I know people will complain, just like when I made the Cheese and Onion Pie, but I didn’t make the pastry from scratch. I’m far too tired to much about with all that effort. I just got shortcrust pastry mince from the weigh and save shop in Preston. Nice guy, but tried to get me to buy carrot cake mix. I know it’s kinda hypocritical from someone using instant pastry mix, but I’ll not buy instant cake mix to which I only have to add water. He said that if I made it, I would just have to invite a girl round for the carrot cake, and she’d be mine… so if any girls fancy some carrot cake, leave a comment! 😉

Chicken and Leek Pie

Ingredients :

  • 4 chicken thighs
  • 2 leeks
  • 1 pint of milk
  • 1 onion, peeled and halved
  • bay leaf
  • sprigs of thyme
  • sprigs of marjoram
  • salt and pepper to taste
  • 20g butter
  • 20g plain flour
  • shortcrust pastry (either home made, ready made, or instant pastry mix)
  • 1 egg

Method :

  1. Place the chicken thighs in a pan, with the onion, bay leaf, thyme, and marjoram. Cover with a pint of milk, and simmer for an hour on the lowest light possible (to avoid the milk catching) with a lid on.
  2. Whilst the chicken thighs are poaching, slice and sweat the leeks in a little oil and butter. Season with salt and lots of black pepper. Once sweated, drain from the oil and butter, and transfer to a large bowl.
  3. Remove the chicken thighs from the poaching milk, and shred, discarding the skin.
  4. Strain the herbs and onion from the poaching milk into a jug, skim as much of the fat which will settle at the top as possible.
  5. Make a roux, by gently melting the butter, and then adding the flour, beating vigorously to cook out the flour.
  6. Gradually add the poaching milk to the roux, stirring constantly until the sauce thickens. Check for seasoning, chicken and leek go well with a good bit of black pepper. Add some more marjoram.
  7. Line a pie dish with the shortcrust pastry, and add the chicken and leek filling. Then pour over the white sauce.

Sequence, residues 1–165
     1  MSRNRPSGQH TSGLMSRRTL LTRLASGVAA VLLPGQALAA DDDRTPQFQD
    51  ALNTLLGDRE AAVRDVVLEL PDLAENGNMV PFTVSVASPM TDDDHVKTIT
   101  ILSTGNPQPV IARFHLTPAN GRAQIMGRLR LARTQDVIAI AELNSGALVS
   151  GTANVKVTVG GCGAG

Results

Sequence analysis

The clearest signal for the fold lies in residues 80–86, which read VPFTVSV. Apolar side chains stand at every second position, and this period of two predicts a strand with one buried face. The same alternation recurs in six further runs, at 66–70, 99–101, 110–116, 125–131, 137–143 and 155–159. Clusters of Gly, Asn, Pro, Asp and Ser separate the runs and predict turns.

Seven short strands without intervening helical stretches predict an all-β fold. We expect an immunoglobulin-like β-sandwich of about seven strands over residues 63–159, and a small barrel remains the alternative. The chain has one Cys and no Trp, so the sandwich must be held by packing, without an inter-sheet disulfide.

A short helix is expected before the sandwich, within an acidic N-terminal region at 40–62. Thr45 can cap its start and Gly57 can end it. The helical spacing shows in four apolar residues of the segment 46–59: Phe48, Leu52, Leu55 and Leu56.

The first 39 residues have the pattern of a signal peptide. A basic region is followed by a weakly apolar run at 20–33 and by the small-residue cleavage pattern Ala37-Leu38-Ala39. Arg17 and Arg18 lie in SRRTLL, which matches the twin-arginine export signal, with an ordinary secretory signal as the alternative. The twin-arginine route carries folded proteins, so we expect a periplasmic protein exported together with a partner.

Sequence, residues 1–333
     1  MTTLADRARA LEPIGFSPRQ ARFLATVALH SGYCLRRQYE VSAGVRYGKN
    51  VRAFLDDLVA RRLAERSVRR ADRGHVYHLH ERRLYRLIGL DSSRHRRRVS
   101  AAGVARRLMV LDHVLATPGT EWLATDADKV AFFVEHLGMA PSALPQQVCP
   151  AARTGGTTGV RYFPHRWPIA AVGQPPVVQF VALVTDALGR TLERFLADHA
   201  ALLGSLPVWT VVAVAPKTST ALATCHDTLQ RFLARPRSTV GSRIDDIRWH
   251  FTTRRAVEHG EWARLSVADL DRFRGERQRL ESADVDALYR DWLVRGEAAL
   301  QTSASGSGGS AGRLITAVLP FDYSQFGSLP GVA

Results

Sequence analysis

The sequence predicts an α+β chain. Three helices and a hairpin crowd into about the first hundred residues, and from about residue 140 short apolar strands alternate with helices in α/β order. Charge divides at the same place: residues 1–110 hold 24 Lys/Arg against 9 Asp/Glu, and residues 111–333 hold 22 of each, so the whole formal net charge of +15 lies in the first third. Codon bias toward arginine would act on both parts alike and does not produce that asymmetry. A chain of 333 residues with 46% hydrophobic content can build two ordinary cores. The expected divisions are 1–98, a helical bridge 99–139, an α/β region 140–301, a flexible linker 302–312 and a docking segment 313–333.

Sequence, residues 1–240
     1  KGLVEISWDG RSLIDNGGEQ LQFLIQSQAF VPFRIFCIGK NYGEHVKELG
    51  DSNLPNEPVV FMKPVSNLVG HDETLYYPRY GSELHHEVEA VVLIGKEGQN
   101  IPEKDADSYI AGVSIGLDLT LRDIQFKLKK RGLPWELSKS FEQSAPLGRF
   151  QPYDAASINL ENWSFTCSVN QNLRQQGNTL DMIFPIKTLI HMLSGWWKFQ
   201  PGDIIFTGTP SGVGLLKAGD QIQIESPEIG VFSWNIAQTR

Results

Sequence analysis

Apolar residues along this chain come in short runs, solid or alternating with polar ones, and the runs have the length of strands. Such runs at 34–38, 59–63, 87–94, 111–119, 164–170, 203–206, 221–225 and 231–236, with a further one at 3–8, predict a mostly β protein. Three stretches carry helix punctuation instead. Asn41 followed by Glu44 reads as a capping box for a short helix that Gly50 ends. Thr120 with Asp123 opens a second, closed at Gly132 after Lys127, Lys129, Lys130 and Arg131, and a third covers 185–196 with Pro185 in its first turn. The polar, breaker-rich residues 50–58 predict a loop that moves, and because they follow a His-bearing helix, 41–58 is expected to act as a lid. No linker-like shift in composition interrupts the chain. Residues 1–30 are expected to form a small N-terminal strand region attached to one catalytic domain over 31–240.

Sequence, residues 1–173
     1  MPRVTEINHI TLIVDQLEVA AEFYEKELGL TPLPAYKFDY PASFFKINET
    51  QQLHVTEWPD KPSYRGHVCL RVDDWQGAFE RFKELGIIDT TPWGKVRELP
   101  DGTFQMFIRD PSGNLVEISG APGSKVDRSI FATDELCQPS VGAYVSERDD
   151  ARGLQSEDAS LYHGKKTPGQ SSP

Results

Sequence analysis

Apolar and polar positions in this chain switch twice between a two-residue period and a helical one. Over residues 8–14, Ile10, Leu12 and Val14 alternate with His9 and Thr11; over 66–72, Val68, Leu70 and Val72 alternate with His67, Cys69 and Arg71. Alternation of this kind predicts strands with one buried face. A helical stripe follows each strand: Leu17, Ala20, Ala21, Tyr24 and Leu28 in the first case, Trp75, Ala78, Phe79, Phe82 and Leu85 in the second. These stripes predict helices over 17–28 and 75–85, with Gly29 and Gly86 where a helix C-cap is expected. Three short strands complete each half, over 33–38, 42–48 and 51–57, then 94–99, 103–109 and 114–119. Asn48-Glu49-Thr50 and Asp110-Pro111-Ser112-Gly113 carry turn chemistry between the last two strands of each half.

8. Add a pastry lid, slash so that the steam can escape.
  9. Whisk an egg , and then use to glaze the pastry.
  10. Bake in the oven for 30 to 40 minutes at 200 degrees celsius/gas mark 4.

I’m having mine with chips, if I was feeling less tired, I’d probably make some mash and serve it with some asparagus… infact, when I made the cheese and onion pie, I was tired then, too! Hmm, I keep doing this to myself.

Read Full Post »

Ahh, Bank Holiday Mondays, eh?! A time for doing the gardening, and watching James Bond films and nursing a hangover… well, I’ve not done any of these. My dad decided to be a massive cliché and do gardening… for a change, but me, did I have a hangover to nurse?, alas not. I think the last time I went out was December last year, and the last time I was hungover?, not a clue. And as for James Bond, I once watched a James Bond film when I was a nipper, didn’t like it, and it’s never appealed to me. It’s a bit macho I think, and I’m far from being macho.

So I spent most of today in bed, and I’ve spent all of today in my PJ’s, surely that’s what bank holidays are for? Lazing about the house?

After being a bit of an accidental vegetarian over the weekend, having a Beetroot and Wild Garlic Risotto on Saturday, and home made Egg Fried Rice last night, I decided I needed to eat an animal, and the options were sausages (with a dubious pork quantity, my dad tends to buy crap sausages), or tinned tuna. So, tinned tuna it was. As I’ve already established, bank holidays are made for lazing about, and comfort food is the best when in this mood, so I knocked up a Tuna Pasta Bake! Hooray!!

Tuna Pasta Bake

Ingredients :

  • 1 tin of tuna chunks in oil
  • 200g pasta
  • 1/2 a pint of milk
  • 100g mature cheddar cheese, grated
  • handful of chives, chopped finely
  • Worcester sauce
  • Salt
  • Pepper
  • 20g butter
  • 20g flour
  • Grated Parmesan cheese
  • handful of crushed Soured Cream and Onion Kettle Chips (optional)

Method :

  1. Boil the pasta as to the packet instructions, but cook a few minutes under